(Reuters) - HSBC has made some progress in improving its anti-money laundering program as required by a 2012 deferred prosecution agreement with the U.S. Justice Department, but there remains “much work to be done,” federal prosecutors said in a Tuesday court filing.
The British bank paid nearly $2 billion in penalties in December 2012 to resolve charges that it failed to stop hundreds of millions of dollars in drug money from flowing through the bank from Mexico, and it promised to fix the problems.
The government had selected independent monitor and former New York prosecutor Michael Cherkasky to monitor HSBC’s compliance with the agreement. The Tuesday report describes Cherkasky’s conclusions to date.
“Based on his Initial Review and subsequent conversations with the Bank, the Monitor believes that the leadership of HSBC Group is appropriately committed to addressing the Bank’s longstanding compliance deficiencies,” the Justice Department said in the filing.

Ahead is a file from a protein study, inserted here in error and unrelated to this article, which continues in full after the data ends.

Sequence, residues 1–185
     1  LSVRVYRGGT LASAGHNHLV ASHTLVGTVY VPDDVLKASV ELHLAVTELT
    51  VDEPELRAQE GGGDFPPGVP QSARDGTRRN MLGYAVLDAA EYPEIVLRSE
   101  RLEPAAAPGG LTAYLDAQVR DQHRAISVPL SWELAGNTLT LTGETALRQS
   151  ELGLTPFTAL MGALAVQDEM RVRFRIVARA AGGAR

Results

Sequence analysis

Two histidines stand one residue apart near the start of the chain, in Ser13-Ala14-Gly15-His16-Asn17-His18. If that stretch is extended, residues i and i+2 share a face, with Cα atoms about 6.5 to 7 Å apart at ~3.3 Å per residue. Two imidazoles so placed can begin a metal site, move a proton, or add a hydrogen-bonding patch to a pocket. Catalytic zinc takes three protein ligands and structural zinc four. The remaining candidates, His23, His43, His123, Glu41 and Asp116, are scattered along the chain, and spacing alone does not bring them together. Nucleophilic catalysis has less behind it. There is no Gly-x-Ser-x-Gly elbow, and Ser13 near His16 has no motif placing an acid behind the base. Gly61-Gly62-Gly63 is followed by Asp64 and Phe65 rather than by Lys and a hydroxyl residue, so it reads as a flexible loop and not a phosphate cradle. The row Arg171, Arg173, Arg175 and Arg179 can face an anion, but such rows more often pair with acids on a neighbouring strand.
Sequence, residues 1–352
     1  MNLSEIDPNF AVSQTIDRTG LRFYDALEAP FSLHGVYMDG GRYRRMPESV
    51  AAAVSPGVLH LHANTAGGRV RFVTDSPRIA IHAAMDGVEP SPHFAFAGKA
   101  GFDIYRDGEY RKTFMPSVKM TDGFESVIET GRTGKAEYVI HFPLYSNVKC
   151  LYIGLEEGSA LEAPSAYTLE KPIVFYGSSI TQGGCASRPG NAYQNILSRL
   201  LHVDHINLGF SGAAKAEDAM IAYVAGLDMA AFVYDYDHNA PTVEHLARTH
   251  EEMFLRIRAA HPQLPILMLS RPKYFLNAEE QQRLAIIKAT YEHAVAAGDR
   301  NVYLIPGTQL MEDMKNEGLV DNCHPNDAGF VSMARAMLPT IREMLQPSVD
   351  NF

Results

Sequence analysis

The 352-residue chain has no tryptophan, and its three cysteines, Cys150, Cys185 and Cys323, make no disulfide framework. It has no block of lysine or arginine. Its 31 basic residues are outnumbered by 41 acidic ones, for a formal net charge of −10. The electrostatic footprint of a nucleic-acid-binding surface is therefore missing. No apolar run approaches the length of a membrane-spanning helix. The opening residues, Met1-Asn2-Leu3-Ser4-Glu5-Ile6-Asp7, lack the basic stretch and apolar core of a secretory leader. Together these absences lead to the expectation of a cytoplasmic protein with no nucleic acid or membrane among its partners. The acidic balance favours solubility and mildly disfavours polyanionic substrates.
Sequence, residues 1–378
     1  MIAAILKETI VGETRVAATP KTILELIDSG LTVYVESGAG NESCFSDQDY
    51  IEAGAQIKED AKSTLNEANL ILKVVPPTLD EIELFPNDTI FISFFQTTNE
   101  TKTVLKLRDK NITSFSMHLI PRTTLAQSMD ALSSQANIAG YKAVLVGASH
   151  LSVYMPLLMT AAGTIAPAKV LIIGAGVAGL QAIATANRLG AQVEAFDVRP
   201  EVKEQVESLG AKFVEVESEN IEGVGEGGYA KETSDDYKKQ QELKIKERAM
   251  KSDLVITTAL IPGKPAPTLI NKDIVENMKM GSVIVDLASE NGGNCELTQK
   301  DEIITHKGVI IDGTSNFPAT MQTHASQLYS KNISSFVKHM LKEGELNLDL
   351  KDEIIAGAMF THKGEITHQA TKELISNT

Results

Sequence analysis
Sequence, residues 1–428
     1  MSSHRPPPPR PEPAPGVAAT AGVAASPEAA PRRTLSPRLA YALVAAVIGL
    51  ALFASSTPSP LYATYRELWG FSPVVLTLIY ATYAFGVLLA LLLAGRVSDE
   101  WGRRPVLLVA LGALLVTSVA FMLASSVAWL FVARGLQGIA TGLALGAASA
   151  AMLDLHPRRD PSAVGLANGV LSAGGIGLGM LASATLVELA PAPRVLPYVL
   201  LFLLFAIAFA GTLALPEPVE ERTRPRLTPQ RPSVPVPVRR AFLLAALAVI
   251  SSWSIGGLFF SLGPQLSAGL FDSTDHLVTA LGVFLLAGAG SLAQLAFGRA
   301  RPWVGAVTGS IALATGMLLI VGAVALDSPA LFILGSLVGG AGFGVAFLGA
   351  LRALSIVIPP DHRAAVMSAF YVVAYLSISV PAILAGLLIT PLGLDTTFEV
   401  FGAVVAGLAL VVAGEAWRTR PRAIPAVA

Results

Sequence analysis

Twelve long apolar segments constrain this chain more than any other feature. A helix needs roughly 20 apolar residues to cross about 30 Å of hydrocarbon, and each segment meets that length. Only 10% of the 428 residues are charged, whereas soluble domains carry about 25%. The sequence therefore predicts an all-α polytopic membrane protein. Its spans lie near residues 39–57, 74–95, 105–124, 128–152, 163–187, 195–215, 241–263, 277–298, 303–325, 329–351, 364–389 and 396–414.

It added that Cherkasky, who hired dozens of experts to help him, found that many of the bank’s actions to correct anti-money laundering deficiencies “did not begin in earnest until early 2013,” after it entered into the agreement.
HSBC reportedly disputed that finding and “maintains it did act promptly to begin remediation efforts prior to 2013,” the court document states.
More than two years prior to the agreement, an order by HSBC’s regulator, the Office of the Comptroller of the Currency, cited failures to properly police high-risk cash transactions and ordered anti-money laundering improvements.
HSBC spokesman Rob Sherman declined to comment.
Cherkasky’s findings, which the filing said were made based on unverified information provided by HSBC, suggested the bank must improve the reliability of the data it gathers on its customers and the manner in which that information is shared among affiliates.
Cherkasky also found that HSBC must better integrate its various IT and transaction monitoring systems, the filing said.
Reporting by Brett Wolf; additional reporting by Aruna Viswanatha; Editing by Leslie Adler